Listing the worst films of a particular year comes down to being honest with yourself — Did I dislike it enough to call it one of the worst? However, when it comes to disappointments it’s a different story.
As a movie critic, maybe it’s different for me. People tend to believe critics should walk into every movie without anticipation or excitement. Then, if that perception is held up, those that disagree with your opinion will either say “Yeah, but you didn’t want to see it anyway!” or “You were always going to like that film.” I do my best to let my opinion be known before seeing most films (running a blog of daily opinions helps). I do my best to avoid expectations (not watching trailers helps with this), but that’s the nature of being human. All said, if I ever lose my ability to anticipate or dread seeing a movie then put a fork in me… I’m done.
That said, at the beginning of the year I made a list of my Top 40 Most Anticipated Movies of 2012 (Worst of 2012 were to be found, though a few of my Dishonorable Mentions were among the forty.
I, like you, love movies. I look forward to seeing them. I look forward to finding hidden gems I didn’t expect and yet, like you, I have the ability to be disappointed. People paint the movie critic as an emotionless drone that sits in the dark with their mind already made up. Sometimes that’s true. I didn’t screen The Guilt Trip or Parental Guidance for that very reason. I felt I could probably review both of those movies by simply watching the trailer. Maybe I was right, maybe I was wrong. It was a judgment call on my part and while some may look at that as a flaw, so be it…
All that build-up leads to the following list. Unlike my Top Ten of 2012 and my Worst of 2012, I don’t have a ton of films that fell outside the ten and even the tenth selection was a bit of a stretch.
Tracking disappointments doesn’t necessarily mean a film was bad, in fact I think on some levels Prometheus and The Dark Knight Rises were disappointments, even though both generated a lot of conversation around these parts, particularly the former. Cloud Atlas could be considered a disappointment. At the beginning of the year I would have thought as soon as that awards screener arrived I would have rushed to watch it again… I didn’t and haven’t.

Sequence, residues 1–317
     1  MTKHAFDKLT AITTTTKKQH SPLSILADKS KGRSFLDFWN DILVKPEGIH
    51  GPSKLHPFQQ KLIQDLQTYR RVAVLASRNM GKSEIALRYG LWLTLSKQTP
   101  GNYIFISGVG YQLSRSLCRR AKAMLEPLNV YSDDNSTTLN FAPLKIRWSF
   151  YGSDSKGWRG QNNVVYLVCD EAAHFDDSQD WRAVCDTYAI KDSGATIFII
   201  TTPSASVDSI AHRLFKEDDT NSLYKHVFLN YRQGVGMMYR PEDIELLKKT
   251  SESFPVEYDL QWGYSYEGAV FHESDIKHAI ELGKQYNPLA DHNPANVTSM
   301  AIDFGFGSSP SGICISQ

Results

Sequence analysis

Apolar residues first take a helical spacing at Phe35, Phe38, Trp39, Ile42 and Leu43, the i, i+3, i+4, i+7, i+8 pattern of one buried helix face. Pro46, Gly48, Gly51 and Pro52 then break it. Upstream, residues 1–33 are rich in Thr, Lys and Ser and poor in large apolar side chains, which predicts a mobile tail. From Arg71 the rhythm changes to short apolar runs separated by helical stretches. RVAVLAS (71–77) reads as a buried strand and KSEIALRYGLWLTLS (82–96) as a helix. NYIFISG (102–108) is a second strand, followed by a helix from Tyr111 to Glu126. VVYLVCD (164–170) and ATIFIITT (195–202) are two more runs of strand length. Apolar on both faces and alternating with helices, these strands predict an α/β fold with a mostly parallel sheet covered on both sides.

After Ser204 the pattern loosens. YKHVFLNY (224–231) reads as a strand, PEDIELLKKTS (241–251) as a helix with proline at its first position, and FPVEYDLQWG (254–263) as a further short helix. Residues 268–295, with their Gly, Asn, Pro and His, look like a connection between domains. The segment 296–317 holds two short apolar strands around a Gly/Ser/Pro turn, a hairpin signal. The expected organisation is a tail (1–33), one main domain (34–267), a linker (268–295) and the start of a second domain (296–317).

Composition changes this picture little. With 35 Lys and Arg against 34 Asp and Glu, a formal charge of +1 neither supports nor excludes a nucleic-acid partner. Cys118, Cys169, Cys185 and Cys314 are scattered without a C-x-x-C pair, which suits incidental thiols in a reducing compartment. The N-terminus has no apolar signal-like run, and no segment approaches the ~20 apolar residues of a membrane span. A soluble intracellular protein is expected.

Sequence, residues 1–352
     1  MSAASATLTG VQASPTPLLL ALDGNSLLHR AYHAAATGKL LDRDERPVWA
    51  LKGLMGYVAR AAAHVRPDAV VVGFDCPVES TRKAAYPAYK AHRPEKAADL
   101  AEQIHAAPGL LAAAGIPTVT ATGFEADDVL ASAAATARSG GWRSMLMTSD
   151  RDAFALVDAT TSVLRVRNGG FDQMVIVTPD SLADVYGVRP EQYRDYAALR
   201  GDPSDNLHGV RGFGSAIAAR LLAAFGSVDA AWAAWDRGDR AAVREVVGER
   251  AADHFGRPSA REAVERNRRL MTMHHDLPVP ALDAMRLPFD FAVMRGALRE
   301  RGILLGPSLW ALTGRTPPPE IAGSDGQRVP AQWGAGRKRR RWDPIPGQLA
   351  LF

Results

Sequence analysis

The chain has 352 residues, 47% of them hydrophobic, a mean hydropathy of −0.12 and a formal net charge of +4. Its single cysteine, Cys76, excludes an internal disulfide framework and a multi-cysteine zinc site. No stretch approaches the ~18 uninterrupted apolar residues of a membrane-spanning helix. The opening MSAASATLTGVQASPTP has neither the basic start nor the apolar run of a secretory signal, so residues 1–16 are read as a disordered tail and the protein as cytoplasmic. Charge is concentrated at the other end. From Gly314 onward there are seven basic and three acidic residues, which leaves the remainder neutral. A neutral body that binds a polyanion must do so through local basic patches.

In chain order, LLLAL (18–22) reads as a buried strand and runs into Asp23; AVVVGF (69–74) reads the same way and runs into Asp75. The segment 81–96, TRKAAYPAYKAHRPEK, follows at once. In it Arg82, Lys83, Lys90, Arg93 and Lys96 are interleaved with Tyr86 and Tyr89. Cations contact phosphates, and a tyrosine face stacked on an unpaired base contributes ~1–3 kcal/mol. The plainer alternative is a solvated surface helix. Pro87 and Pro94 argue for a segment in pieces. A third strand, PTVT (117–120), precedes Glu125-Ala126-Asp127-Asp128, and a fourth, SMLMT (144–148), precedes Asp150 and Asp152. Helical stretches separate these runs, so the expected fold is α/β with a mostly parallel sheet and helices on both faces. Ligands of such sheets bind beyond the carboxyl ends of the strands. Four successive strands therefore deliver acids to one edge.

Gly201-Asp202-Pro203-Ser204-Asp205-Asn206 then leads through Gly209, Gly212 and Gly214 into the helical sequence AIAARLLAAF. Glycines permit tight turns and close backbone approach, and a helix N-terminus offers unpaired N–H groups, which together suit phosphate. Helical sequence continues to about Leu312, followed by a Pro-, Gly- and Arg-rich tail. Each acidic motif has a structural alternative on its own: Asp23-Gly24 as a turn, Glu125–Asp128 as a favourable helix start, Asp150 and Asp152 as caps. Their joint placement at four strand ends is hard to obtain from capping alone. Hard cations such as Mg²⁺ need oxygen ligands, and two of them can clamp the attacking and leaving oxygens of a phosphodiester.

The buzz surrounding The Cabin in the Woods was huge, it didn’t do a whole lot for me and even Beasts of the Southern Wild wasn’t the life-altering experience reviews out of Sundance suggested it would be. As a life-long Tom Cruise fan, Jack Reacher left me wanting, Skyfall could have been so much better as it devolved into Straw Dogs Part II and all the buzz surrounding The Raid: Redemption was for naught.
No, not all of those films are bad movies, but there is a level of disappointment in each. My top ten is comprised of films I had ever so much higher hopes for and failed to achieve those levels of hope to a greater degree than those mentioned above. The largest difference, however, between the films that follow and many of the films I just mentioned, is that I won’t likely watch any of these ten films again while I will certainly give some of the films above a second, third and maybe even fourth glance. Therein lies the disappointment…
To Rome with Love
PLACE ON MY MOST ANTICIPATED LIST: #6
I have come to look forward to every single Woody Allen film and my level of anticipation is more of an excitement to see how great Allen’s next film will be rather than an expectation it actually will be great — I hope that makes sense. He’s always going to get the majority of the stars he wants and To Rome with Love was stuffed to the gills with Jesse Eisenberg, Ellen Page, PenÃ©lope Cruz, Alec Baldwin, Roberto Benigni, Riccardo Scamarcio, Judy Davis, Greta Gerwig, Alison Pill, Ornella Muti, Flavio Parenti and even Allen himself taking on a role.
In the last five years Allen has taken us to Barcelona, New York, London, Paris and now to Rome and it has been a whirlwind tour with five films I would watch long before several others and yet Vicky Cristina Barcelona and Midnight in Paris are the two gems in that line-up while New York, London and Rome just didn’t have quite the same energy, and a bit too much cynicism.
To Rome with Love‘s biggest issue was that it was simply too much. All the stories didn’t tie together and the Benigni storyline could have been excised entirely and could have actually made it into quite a good film. I know it’s tough to cast one of the more popular Italian actors in recent history and then cut him from your film, but to save the project, maybe it’s worth it.
SNIPPET FROM MY REVIEW: (read the full review here)
Woody Allen’s To Rome with Love is great at moments, good in others and, at times, tedious. In all it’s a testament to the lesson that less is more as he’s loaded this thing with so many storylines, had the lesser of the bunch been excised he just might have had something to talk about as a solid follow-up to last year’s hit and Best Picture nominee, Midnight in Paris. […]
All-in-all, this is lesser Woody Allen on a whole with splashes of brilliance peppered throughout. The use of the Starlite Orchestra’s “Amada Mia, Amore Mio” is so fitting and Darius Khondji’s cinematography brings a few moments of wonder as a definite mood is set. There is fun to be had, but overall it’s a bit too much.